Christmas is a great time of year and should be fun for all the family, dogs included.When preparing your Christmas dinner it is fun and a special treat to put some safe bits and pieces by for your dog too, so they can enjoy a special Christmas dinner or treat. Not all food is safe for dogs to eat. Some human food can cause digestive upsets in dogs which is unpleasant but some are far more dangerous and can even result in death.
Common Christmas food dangers for dogs:
Most pet owners are already aware of the chocolate thing, but that doesn’t mean your dog can’t find it. Chocolate can be highly toxic to your dog (or cat), watch where you put these treats.
b) Grapes, raisins, currants, sultanas
These are fatal to dogs, even in small amounts. Seek veterinary help immediately if your dog eats these foods. Some dogs can cope with eating a few but many cannot and you have no idea which way your dog may react so don’t risk it at all.
At this time of year we often cook far more meat joints than usual and this normally results in many more bones lying about. Once cooked all bones become brittle and splinter easily. This can lead to larger fragments getting ‘stuck’ causing obstructions but also smaller pieces can cause gut irritation and perforation or even just difficulty toileting.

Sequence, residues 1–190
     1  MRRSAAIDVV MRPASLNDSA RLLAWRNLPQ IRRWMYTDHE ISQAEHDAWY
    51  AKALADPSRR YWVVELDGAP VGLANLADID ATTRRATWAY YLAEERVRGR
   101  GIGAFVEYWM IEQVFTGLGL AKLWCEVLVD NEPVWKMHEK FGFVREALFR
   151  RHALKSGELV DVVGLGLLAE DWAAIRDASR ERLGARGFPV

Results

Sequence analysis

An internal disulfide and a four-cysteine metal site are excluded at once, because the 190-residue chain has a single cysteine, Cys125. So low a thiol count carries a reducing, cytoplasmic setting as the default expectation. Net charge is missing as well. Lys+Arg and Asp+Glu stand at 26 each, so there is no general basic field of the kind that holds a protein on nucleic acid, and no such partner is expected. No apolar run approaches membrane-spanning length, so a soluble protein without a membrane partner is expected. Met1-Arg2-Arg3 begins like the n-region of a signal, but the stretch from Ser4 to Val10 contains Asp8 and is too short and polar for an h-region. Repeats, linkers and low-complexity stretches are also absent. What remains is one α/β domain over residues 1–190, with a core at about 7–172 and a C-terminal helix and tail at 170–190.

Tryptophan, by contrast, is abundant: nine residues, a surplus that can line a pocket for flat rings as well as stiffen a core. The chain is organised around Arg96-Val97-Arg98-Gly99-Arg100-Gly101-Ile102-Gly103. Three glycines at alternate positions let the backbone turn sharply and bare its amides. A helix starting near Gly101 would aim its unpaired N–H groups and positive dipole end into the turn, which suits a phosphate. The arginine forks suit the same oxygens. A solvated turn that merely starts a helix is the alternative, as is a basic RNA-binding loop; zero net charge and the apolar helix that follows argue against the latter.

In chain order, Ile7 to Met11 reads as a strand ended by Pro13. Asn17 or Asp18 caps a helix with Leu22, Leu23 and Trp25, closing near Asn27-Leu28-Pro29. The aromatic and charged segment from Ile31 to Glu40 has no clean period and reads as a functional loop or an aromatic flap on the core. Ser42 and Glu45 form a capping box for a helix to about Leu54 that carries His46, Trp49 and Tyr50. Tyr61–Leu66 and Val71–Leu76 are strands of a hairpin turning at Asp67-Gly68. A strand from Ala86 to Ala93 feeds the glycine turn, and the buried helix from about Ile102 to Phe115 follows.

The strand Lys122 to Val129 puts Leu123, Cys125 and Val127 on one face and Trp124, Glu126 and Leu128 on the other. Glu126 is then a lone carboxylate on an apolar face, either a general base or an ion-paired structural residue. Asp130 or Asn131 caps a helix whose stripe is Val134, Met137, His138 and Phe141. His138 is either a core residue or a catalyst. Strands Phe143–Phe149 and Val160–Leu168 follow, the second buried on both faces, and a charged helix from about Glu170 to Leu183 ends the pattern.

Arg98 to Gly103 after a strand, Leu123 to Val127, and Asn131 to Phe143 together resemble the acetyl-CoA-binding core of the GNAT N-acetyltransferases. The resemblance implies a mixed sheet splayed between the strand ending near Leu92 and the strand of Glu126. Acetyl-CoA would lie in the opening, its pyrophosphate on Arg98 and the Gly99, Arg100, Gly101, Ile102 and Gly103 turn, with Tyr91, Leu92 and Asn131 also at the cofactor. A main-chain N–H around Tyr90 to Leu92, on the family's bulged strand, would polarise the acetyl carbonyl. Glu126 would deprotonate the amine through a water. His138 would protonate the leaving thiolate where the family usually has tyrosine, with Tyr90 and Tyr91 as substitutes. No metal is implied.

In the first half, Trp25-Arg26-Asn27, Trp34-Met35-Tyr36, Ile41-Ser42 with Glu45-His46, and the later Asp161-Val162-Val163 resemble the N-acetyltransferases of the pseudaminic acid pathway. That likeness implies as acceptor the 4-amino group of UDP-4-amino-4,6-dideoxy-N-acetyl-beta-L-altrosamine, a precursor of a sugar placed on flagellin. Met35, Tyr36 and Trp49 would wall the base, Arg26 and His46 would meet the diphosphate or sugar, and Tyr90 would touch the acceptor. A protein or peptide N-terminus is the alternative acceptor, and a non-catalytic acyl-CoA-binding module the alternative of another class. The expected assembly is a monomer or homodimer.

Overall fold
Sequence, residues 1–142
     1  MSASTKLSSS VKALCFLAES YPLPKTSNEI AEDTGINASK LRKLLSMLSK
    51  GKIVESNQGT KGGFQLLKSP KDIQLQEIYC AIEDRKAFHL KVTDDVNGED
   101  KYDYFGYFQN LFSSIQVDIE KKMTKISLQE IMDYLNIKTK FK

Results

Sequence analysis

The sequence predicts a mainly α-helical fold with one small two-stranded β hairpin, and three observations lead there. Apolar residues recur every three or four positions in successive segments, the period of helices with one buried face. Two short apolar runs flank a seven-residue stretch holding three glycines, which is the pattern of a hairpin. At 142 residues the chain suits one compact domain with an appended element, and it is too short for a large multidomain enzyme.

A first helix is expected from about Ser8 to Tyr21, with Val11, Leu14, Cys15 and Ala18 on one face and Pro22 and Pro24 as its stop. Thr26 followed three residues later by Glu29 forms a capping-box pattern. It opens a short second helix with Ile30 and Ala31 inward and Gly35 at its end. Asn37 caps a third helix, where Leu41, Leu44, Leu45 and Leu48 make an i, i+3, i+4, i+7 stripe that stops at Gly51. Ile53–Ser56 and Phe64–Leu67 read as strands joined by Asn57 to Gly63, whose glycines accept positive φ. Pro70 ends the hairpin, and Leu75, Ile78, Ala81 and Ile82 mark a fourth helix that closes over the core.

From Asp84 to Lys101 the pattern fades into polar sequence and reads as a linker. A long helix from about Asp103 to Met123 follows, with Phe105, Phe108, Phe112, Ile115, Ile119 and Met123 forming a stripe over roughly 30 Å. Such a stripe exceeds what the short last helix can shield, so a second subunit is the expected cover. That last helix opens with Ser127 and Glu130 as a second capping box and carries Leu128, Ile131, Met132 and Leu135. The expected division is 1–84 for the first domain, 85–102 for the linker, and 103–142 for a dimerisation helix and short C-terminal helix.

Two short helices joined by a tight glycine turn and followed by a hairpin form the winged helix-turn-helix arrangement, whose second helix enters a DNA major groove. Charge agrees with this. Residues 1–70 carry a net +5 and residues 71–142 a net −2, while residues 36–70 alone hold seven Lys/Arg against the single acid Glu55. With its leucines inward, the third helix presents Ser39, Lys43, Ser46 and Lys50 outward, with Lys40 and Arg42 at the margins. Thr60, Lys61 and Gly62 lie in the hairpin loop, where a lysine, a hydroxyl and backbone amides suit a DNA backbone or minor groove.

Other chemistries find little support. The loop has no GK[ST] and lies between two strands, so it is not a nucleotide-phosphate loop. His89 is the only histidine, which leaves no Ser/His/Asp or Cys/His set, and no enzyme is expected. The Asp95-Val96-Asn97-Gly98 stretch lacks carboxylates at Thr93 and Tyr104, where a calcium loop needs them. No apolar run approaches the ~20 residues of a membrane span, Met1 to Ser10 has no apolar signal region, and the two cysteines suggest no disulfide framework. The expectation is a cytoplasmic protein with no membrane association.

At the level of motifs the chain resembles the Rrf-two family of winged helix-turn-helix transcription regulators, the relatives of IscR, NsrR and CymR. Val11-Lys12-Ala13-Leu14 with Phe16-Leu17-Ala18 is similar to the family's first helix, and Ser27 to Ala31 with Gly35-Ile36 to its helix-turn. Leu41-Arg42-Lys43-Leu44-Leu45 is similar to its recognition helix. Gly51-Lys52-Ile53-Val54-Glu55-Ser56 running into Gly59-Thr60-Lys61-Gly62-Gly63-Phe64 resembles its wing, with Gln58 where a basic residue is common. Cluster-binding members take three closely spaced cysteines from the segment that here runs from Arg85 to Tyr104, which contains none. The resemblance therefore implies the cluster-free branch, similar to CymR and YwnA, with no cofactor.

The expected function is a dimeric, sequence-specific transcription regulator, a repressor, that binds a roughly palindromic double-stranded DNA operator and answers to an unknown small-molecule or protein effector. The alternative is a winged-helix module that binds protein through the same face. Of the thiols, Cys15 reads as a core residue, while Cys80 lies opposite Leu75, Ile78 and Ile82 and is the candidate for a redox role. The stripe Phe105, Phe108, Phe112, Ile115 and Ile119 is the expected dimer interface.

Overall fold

d)Onions and Garlic
Usually you would think people wouldn’t give this to their dogs, but dogs can find these. Both onions and garlic can cause gastric irritation and anemia if eaten in large quantities. If they eat stuffing, make sure there isn’t a ton of this inside of it.
There are quite a few human foods to avoid feeding to your dog but there are some yummy staples of a Christmas dinner that your dog can safely eat in moderation.
A tasty festive treat but make sure you only feed your dog plain mashed or boiled potatoes with nothing else added (e.g. salt, butter). Again, moderation is important. Potatoes, no matter how they are prepared or cooked are very starchy, which dogs can struggle to digest.
Take it easy with veggies but you can feed your dog some carrot, parsnip, green beans, courgette, Brussel sprouts, broccoli florets (very small amount only), peas, spinach, cauliflower etc... Most green or mixed veg is fine for dogs. If you do a mashed carrot and swede with your Christmas dinner your dog is sure to love that but don’t add butter or seasoning to their portion. Avoid corn on the cob and bulb vegetables such as onions and leeks.
Can be high in sugar and can also be acidic, which can upset your dog's digestion so give in moderation and remove the pips/stones first. The fruit to avoid is rhubarb. The stalk of the plant and also its leaves are toxic to canines.
Eggs are a great source of protein, vitamins and minerals and are good for our dog’s health. If you are worried about the salmonella risk of feeding raw eggs, cook them. Scrambled is a great way to cook eggs for your dog, but don’t add milk, butter or salt of course.